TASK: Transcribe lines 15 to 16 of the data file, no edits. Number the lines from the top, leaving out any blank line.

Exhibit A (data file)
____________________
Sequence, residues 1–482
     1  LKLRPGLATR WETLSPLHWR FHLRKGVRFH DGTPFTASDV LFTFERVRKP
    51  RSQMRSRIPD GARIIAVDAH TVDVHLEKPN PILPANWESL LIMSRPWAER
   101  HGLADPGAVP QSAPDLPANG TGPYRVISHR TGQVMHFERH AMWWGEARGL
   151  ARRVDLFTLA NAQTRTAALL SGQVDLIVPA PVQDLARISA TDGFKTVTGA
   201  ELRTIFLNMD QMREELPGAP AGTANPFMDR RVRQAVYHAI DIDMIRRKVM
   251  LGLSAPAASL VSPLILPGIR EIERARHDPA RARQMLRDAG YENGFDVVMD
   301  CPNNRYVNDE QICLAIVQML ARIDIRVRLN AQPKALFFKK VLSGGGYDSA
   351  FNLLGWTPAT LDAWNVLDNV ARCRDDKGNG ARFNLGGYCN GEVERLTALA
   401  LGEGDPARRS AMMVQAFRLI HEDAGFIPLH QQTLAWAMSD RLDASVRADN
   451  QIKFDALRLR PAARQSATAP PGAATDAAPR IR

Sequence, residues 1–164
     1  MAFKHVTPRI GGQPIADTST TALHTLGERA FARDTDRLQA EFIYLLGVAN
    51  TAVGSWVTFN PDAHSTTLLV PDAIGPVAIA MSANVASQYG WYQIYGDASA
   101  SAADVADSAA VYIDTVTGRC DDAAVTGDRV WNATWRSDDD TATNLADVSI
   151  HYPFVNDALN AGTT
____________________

   101  SAADVADSAA VYIDTVTGRC DDAAVTGDRV WNATWRSDDD TATNLADVSI
   151  HYPFVNDALN AGTT